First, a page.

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While the ancient volcano at Sturt National Park never erupted, evidence of its efforts to do so is unmistakable in the form of enormous granite boulders that dot the landscape.

The granite boulders, or the Granites as they are known locally, were formed when magma was pushed up into gaps and cracks in the earth’s surface. You can explore the Granites along the Granites walking track, a journey that will take you over the top of these ancient boulders that are estimated to be around 450 million years old.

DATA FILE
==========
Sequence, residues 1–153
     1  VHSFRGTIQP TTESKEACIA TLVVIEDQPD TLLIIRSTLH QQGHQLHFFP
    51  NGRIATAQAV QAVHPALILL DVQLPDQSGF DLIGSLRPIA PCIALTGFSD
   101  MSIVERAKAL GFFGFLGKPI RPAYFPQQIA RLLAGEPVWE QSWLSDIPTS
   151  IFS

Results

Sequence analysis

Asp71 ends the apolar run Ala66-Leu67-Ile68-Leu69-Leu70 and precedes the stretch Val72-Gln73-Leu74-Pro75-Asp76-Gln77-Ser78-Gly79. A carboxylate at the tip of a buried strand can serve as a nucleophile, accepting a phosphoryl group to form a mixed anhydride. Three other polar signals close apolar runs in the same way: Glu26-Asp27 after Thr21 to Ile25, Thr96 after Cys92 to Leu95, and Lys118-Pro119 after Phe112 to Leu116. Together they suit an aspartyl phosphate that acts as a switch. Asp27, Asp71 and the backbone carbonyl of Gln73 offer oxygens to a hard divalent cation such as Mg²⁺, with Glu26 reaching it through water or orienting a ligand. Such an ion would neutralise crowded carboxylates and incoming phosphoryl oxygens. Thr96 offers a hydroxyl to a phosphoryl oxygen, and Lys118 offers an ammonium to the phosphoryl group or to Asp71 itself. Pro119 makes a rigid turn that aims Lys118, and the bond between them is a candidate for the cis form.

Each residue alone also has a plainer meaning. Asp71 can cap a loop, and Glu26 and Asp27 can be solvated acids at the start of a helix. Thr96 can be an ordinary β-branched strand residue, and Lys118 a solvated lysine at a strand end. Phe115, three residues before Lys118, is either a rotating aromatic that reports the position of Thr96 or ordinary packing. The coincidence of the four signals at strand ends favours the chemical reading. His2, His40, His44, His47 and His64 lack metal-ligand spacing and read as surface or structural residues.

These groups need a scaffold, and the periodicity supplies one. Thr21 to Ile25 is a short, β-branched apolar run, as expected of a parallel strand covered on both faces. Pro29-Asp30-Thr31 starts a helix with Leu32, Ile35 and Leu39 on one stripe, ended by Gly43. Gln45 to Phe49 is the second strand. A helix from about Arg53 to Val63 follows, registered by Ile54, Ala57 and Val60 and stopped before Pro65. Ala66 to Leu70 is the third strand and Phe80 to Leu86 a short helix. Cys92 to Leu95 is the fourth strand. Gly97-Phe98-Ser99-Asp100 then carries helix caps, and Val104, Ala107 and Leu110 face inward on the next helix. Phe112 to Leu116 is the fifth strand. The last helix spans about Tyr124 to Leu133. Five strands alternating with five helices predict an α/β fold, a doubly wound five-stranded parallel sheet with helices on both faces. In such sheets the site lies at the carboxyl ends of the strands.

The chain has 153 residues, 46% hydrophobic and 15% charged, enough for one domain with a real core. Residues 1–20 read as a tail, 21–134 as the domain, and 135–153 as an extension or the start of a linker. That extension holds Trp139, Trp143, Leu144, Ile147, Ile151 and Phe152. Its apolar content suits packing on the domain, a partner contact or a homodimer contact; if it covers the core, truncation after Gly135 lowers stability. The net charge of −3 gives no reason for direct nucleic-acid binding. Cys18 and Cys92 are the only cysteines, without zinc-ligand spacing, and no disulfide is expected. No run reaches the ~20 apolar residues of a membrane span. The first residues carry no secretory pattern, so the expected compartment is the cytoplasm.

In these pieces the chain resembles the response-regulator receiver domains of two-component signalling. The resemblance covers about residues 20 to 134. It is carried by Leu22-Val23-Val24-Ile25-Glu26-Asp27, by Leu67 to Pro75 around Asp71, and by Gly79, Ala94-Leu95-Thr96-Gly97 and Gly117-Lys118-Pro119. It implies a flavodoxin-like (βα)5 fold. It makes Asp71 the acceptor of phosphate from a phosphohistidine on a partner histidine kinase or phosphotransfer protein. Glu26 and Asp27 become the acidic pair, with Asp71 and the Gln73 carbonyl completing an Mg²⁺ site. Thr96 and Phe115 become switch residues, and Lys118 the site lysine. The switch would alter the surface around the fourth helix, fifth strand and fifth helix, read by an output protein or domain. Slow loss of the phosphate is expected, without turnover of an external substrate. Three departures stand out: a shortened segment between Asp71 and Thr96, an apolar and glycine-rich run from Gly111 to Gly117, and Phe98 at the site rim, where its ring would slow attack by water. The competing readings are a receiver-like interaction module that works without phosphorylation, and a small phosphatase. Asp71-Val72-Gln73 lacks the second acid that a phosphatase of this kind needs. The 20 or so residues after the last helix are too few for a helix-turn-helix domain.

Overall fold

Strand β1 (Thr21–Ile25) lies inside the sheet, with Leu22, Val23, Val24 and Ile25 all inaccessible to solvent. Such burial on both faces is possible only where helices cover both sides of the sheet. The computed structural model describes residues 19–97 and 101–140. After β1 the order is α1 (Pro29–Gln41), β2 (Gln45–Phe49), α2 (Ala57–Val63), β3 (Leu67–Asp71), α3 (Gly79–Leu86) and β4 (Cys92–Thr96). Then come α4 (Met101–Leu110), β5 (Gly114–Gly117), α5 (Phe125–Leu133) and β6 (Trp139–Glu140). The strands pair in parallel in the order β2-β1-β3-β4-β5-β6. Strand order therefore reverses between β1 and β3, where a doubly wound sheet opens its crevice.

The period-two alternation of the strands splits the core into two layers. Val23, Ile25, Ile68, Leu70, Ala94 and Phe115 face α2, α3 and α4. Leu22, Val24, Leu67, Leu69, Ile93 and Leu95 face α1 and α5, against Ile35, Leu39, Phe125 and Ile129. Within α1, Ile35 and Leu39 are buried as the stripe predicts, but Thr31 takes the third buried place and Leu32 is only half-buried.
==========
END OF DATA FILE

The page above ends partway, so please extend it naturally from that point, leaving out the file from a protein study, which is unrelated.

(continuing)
Whether you choose to hike the three kilometre or four kilometre loop, you’ll see desert bloodwoods and the vibrant red of Sturt’s desert peas along the track; a striking contrast to the giant boulders. You might also see bearded dragons, beaked geckos and stumpy tail lizards basking on warm rocks in the sun, and depending on the season and recent rainfall, there may be kangaroos grazing on the grassy plains.

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